Among the key findings of the report are that in 2015-16, 47% companies had higher sustainability scores, 44% remained the same and only 9% saw a decline.
The report found that only one-third of the companies studied are signatories to global principles, and less than a third have policies on biodiversity.
But almost all have formal CSR policies in place which can be attributed to the government mandate on the issue. There was greater emphasis on building green supply chains especially when it came to conducting sustainability audits and as far as renewable energy goes, solar energy remained on the top with 60% of the companies in the study saying they invested in it and are shifting to adoption.
The report found out that areas that are internal to a company—water, energy, waste, product—saw a much higher participation when it comes to sustainability as compared to programmes for external stakeholders. Only one-third of the companies have plans in place for external stakeholders.
“Majority of CSR and sustainability efforts fall prey to short-termism. Efforts and resources are expended towards near-term benefits which may or may not align with long-term necessities. For example, planting trees is a fantastic initiative which needs to be coupled with a long-term view of reducing deforestation, finding alternative sources and thorough life cycle management of products,” says Vrushali Gaud, advisor -India, International Integrated Reporting Council.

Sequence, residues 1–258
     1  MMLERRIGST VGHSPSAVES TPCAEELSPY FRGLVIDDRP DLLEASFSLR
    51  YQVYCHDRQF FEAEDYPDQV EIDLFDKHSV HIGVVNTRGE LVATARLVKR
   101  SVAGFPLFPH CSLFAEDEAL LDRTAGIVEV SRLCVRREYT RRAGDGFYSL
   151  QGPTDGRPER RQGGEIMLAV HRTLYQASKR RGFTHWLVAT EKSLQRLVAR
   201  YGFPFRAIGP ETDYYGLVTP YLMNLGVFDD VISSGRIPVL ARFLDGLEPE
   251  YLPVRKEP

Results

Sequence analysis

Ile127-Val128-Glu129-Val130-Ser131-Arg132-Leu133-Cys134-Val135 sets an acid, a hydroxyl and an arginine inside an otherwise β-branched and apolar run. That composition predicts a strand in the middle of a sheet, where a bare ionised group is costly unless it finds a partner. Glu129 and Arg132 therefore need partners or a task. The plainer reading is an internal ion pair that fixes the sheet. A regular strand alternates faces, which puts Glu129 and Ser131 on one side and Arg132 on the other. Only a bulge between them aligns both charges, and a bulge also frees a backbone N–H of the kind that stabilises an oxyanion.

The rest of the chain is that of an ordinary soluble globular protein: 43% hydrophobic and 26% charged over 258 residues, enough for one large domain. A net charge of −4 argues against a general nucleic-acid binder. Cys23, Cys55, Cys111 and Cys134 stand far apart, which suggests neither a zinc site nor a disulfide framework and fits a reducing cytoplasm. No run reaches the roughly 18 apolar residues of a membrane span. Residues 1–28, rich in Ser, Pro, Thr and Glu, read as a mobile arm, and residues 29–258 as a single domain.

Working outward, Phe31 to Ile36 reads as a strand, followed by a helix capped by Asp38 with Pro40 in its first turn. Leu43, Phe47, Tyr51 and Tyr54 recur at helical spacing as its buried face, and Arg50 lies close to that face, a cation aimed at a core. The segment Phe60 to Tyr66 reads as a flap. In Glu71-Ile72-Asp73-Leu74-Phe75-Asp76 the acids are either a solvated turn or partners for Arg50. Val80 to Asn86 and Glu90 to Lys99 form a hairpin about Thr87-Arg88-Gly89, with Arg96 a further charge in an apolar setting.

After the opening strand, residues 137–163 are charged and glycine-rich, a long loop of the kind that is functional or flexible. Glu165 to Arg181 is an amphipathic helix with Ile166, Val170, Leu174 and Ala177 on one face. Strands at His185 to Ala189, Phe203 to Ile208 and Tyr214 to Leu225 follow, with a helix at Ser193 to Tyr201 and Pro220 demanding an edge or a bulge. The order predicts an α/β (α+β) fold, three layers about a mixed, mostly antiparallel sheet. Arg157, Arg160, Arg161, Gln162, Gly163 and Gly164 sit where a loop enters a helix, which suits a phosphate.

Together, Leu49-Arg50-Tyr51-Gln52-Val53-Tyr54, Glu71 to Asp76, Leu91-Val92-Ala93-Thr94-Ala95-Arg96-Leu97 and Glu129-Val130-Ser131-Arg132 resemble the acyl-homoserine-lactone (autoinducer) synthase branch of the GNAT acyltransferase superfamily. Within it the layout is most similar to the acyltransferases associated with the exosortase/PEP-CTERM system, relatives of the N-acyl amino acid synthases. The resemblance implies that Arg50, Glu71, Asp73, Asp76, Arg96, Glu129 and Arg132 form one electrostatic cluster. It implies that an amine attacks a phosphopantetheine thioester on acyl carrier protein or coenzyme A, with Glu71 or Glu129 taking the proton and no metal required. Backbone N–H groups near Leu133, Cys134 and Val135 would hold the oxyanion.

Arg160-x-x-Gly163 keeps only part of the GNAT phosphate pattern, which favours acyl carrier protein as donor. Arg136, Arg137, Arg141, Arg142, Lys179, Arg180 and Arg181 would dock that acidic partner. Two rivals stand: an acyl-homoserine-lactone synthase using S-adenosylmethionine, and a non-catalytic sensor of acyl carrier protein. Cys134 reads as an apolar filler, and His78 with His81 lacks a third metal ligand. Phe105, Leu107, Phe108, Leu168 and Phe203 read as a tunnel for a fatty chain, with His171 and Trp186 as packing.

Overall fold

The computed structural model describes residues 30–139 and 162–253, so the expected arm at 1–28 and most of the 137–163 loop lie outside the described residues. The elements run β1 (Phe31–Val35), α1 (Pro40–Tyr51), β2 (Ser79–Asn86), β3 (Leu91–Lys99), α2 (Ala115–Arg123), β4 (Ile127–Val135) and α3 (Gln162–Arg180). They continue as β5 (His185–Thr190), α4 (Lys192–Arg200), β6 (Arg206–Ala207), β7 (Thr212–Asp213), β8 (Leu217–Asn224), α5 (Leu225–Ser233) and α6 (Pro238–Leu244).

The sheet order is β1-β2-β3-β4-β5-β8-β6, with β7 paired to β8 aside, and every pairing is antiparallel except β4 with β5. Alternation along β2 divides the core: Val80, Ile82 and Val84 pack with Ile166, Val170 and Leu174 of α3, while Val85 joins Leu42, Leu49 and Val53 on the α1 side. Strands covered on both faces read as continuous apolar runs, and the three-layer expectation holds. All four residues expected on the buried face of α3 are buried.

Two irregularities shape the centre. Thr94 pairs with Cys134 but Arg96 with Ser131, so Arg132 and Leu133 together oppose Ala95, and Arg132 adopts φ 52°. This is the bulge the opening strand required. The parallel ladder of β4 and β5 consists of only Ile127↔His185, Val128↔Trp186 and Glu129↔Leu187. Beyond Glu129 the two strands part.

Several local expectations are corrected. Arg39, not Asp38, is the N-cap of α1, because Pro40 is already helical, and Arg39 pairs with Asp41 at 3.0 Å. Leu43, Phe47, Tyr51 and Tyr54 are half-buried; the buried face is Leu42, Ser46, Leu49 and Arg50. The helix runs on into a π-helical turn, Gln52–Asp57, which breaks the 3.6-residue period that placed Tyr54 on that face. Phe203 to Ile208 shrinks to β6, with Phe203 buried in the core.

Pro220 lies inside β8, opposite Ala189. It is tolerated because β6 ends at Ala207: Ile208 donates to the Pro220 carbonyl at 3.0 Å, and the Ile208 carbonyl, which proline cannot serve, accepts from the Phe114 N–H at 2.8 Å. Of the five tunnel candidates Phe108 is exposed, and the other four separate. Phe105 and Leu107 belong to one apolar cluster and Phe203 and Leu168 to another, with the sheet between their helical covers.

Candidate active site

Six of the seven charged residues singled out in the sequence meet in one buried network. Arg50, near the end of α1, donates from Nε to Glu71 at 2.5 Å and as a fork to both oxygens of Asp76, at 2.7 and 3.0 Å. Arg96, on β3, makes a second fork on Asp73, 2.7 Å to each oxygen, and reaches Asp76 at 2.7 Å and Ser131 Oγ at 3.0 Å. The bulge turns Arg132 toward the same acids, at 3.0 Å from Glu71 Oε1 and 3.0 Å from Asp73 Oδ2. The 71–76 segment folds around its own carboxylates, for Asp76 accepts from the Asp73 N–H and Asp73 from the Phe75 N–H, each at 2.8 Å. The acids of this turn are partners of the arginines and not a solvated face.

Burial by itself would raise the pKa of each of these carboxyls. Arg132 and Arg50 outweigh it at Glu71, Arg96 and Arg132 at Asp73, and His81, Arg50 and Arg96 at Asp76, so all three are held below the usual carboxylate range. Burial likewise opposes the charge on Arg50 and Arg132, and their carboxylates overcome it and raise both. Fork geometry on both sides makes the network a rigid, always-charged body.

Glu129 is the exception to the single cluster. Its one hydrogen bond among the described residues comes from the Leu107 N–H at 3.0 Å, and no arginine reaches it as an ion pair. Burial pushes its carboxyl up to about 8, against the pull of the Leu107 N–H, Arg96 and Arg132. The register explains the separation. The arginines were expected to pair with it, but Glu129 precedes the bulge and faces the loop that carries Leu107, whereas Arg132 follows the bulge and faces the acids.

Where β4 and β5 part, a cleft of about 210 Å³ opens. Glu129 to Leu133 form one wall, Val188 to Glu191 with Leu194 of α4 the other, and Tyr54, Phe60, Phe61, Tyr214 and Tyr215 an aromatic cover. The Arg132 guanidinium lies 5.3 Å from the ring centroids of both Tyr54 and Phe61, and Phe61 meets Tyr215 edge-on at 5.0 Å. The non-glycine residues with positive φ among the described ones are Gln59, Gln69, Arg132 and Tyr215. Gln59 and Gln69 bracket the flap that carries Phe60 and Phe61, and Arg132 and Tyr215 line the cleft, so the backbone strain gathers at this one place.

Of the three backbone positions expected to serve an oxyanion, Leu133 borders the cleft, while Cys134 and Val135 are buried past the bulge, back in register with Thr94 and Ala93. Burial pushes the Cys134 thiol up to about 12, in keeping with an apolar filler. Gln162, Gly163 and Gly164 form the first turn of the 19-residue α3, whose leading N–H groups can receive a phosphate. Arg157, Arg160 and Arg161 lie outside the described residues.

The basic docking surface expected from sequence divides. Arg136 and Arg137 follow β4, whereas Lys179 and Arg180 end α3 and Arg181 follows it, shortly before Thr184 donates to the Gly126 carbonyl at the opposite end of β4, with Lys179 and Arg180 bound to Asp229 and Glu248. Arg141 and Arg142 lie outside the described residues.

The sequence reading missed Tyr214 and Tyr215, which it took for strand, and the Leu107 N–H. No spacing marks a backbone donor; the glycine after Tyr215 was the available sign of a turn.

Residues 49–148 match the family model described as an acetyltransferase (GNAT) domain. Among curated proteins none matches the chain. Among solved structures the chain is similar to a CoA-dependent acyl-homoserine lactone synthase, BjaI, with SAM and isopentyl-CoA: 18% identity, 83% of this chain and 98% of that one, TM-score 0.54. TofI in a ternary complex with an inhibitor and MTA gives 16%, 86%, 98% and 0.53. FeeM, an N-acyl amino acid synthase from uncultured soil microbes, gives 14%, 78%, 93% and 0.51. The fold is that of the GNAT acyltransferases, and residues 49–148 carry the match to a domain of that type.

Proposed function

A look across industries covered in the report indicates that energy and information technology companies performed the best on governance and sustainability, with financial companies performing poorly on both parameters. Disclosures are a strong point for telecommunication services, while utilities and materials are the top performers when it comes to stakeholder management.
The report emphasized that high scores on sustainability for most companies are most likely a result of more BRRs and sustainability information being filed by companies rather than an increase in the activity itself. For example, “by small scale of operation of renewable energy, we mean that the renewable energy forms a very small proportion of total energy consumed across the companies (including the telecom sector). It is less than 10% in most companies that have disclosed the share of renewable energy in total energy consumed”, explains Rana.
To become more responsible businesses, companies will have to embrace strong governance practices to be better positioned to manage emerging risks and opportunities.
“A better governance score leads to a higher responsible business score because in most cases it implies a commitment at the highest levels of the organization to a specific/responsible way of doing business,” explains Rana.
So, are more company boards in India realizing that to ensure long-term competitiveness, they must enforce responsible business practices? The study is ambiguous on this account stating that ‘governance is taken seriously by companies yet a significant amount needs to be done’.
“Board and C-suite provide the governance structure that drives sustainability. Good corporate governance enables instituting policies and driving strategy that connects business and sustainability, which generates long-term value. As an example, Tata Group has a robust governance structure and a culture that empowers sustainability across all group companies. It is one of the key reasons Tata Group companies consistently rank high on these metrics. Mahindra Group is another good example of how the chairman, board and leadership team are in sync to drive long-term value creation,” says Gaud.